Dr. Jill Stein, the Green Party presidential candidate, has made herself known as a viable alternative option to disenchanted former Bernie Sanders supporters. While she does remain the most “progressive” candidate in the race in term of policy, some of her positions remain somewhat questionable.
Anyone who has followed my commentary on the 2016 American election season in the slightest sense likely knows that, after Senator Bernie Sanders’ quixotic attempt to sever the Democratic Party’s relationship with its Clintonian brand of neoliberalism came to a halt, most of my energy in regards to the presidential election has been dedicated to promoting the far-fetched candidacy of Green Party nominee Jill Stein, a physician and long-time activist from my home state of Massachusetts.
As a leftist, I truly can’t bring myself to choose between the candidates that have been chosen to run on behalf of the nation’s two corporate parties.
On the one hand, Hillary Clinton, the Democratic nominee, is running on platform of postmodern social liberalism steeped in identity politics that both obscures the reality of class divisions that shape societal structures and distracts from her incredibly problematic record on issues ranging from trade to criminal justice to foreign policy. On the other hand, Donald Trump, the Republican nominee, has, throughout his campaign, worked to mimic the rhetoric of far-right demagogues from Pat Buchanan to Jean-Marie Le Pen in order to divert the anger of the working class towards minorities, immigrants, and members of other oppressed and marginalized communities. That said, my reasoning for supporting Stein over a number of other third-party candidates–many of whom I perhaps agree with on the issues more than I do with Dr. Stein–is based far more in electoral strategy than anything.
Though I recognize the limits of electoral politics in taking a stand against structures within society that encourage oppression, I believe that it can be one of many useful tools that can be used to move away from the current system.
As I live in Massachusetts, a state that has voted overwhelming for the Democratic candidate in every election since 1984 (when Ronald Reagan won forty-nine of the fifty states in his run for re-election), I recognize that the arguably undemocratic nature of the Electoral College can be perhaps used to my advantage.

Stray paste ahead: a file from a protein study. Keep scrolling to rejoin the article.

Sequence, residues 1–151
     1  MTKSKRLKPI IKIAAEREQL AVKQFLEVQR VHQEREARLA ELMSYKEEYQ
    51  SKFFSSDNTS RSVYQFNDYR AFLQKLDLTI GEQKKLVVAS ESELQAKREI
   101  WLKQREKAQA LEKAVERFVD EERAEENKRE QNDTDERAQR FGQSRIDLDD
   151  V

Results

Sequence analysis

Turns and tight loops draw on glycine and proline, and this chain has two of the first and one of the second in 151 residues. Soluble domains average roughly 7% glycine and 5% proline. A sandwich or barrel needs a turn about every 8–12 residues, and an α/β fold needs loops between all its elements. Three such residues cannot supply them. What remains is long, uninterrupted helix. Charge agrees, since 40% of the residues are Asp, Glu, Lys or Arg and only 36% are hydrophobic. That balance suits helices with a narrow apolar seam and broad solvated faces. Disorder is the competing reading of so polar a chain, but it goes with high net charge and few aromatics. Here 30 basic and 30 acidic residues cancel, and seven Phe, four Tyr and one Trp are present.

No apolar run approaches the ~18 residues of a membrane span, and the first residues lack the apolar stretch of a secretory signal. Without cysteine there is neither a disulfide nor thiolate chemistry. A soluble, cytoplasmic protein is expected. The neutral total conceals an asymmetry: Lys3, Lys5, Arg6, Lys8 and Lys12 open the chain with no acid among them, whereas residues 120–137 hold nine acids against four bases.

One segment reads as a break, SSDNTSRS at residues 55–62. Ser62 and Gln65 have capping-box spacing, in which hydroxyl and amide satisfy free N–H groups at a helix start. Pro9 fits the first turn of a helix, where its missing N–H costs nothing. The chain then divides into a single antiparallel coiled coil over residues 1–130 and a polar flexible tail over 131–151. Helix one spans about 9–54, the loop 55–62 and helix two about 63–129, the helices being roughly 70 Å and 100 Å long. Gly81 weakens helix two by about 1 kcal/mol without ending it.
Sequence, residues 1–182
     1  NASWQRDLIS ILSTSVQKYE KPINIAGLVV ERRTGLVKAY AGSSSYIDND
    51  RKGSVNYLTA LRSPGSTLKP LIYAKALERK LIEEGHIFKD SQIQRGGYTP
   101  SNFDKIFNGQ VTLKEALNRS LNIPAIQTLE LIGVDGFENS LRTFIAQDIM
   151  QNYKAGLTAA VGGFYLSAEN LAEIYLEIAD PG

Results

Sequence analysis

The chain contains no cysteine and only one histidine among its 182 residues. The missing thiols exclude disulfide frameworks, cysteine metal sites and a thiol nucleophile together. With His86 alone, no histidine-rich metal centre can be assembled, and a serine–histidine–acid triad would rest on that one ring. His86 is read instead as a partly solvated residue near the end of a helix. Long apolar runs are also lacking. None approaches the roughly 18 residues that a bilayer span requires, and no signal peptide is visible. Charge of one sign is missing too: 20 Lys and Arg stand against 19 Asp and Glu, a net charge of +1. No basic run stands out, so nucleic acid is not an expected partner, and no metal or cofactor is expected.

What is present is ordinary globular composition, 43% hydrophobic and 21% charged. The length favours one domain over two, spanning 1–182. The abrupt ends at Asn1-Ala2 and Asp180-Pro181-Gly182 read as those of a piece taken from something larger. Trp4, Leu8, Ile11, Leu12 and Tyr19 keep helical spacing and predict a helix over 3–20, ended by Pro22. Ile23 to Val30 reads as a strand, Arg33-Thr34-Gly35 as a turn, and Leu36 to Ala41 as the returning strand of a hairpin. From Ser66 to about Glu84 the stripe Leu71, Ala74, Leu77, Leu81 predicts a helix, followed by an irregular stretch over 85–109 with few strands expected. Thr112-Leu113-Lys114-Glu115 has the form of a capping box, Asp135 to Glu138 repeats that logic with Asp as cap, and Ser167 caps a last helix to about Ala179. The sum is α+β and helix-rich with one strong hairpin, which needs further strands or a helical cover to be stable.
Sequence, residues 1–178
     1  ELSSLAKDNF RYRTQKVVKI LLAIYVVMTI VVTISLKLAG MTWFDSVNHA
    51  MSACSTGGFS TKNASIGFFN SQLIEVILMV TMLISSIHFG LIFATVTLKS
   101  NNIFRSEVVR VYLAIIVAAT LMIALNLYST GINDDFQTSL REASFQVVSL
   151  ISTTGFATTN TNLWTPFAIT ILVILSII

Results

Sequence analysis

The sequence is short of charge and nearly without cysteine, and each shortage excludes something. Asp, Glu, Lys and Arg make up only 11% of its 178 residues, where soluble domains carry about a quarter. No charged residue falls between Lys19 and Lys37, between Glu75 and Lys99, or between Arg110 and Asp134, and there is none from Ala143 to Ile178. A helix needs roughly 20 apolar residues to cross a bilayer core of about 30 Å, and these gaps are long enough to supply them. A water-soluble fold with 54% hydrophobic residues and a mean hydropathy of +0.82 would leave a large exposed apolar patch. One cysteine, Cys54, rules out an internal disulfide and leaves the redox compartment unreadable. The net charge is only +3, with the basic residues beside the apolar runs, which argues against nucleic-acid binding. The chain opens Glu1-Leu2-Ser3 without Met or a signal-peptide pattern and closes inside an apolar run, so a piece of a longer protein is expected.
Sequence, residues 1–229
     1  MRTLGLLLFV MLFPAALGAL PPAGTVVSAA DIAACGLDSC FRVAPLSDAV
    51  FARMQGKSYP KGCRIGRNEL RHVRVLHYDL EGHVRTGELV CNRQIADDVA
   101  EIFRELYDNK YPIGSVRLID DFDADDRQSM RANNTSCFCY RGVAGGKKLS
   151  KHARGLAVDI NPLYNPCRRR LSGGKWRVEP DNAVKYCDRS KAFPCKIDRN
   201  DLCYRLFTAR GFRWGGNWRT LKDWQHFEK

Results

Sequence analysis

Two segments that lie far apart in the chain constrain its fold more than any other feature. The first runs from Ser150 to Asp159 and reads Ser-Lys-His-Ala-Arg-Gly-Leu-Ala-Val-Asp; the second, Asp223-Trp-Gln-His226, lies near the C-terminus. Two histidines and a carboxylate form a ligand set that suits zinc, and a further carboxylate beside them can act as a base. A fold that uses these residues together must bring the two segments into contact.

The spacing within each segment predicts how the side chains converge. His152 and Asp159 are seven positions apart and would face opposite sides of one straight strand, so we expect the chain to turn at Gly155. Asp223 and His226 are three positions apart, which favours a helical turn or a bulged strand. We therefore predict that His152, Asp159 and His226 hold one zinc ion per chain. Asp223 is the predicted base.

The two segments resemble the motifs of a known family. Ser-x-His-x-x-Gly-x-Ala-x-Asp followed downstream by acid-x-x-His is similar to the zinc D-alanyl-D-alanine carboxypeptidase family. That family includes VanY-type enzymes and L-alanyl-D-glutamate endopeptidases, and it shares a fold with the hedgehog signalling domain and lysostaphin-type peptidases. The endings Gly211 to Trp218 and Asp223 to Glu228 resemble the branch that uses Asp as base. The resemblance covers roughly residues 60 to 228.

By voting for Jill Stein in a state where voting one’s conscience is unlikely to hand the election over to a neo-fascist candidate like Trump, voters in Massachusetts and other “safe” states have the opportunity to unite behind a Left candidate like Stein to work to achieve five percent of the popular vote in order to secure federal funding in the next presidential election–perhaps finally paving the way for a major party not controlled by the interests of the capitalist class to rise up and play a role in electoral politics for decades to come.
Criticism, A Fundamental Pillar of Any Democracy, Strengthens Movements
Even as a supporter of Stein’s presidential campaign, though, I find it necessary to hold her accountable for views on policy that perhaps cause skepticism amongst voters from all ends of the political spectrum.
As a supporter of her campaign, it truly concerns me to see so many others turn a blind eye to contentious facets of her platform out of a fear that criticizing the most viable presidential candidate from the Left will harm the overall movement behind the campaign.
It is our duty, both as supporters of a specific campaign and as citizens of a representative democracy, to speak out about the issues that matter to us in order to bring about change on all levels.
Margaret Chase Smith, the first woman to serve in both the U.S. House of Representatives and the U.S. Senate, perhaps said it best: “Constructive criticism is not only to be expected but sought.”
The Counter-Productivity of Stein’s Anti-Nuclear Position
Like Dr. Stein, I am fundamentally opposed to a continuation of our dependence, as a nation and as an industrialized world, on fossil fuels. I, too, share her opposition to both the extraction of natural gas through hydraulic fracturing and the collection of petroleum through offshore drilling based on the threats to the environment that such risky activities present. However, when it comes to skepticism about mainstream alternative energy sources, Stein goes to extremes that most environmental activists avoid.
Dr. Jill Stein, on whether nuclear power is a valid alternative fuel source, has gone as far as saying that “nuclear is a deadly solution.”
Stein, in shaping her point of view on the safety of nuclear energy in regards to both the environment and to human health, seems to make the terrible mistake of prioritizing preconceived notions ahead of data. The truth behind nuclear energy, though, is that has less emissions, takes less land, and has lower life-cycle costs than any other energy source. In “The Nuclear Industry’s Contribution to the U.S. Economy,” economists Mark Berkman, Stephen Lagos, and Dean Murphy analyze the economic, societal, and environmental effects of nuclear energy. Along with contributing over $60 billion to America’s annual GDP, supporting nearly 500,000 full-time jobs, and lowering electricity costs by as much as 6%, nuclear power has proven to be more environmentally friendly than any other form of non-renewable energy. Nuclear energy accounts for two-thirds of America’s low-carbon energy and has prevented the emission of 573 million tons of greenhouse gas emissions, including 650,000 tons of nitrogen oxide and one million tons of sulfur dioxide, each year.
Former Senator Evan Bayh (D-IN), cofounder of the bipartisan Nuclear Matters group, said it most succinctly when discussing attempts by the federal government to reduce carbon emissions: “Without nuclear power, it would be impossible to achieve our carbon reduction objectives.”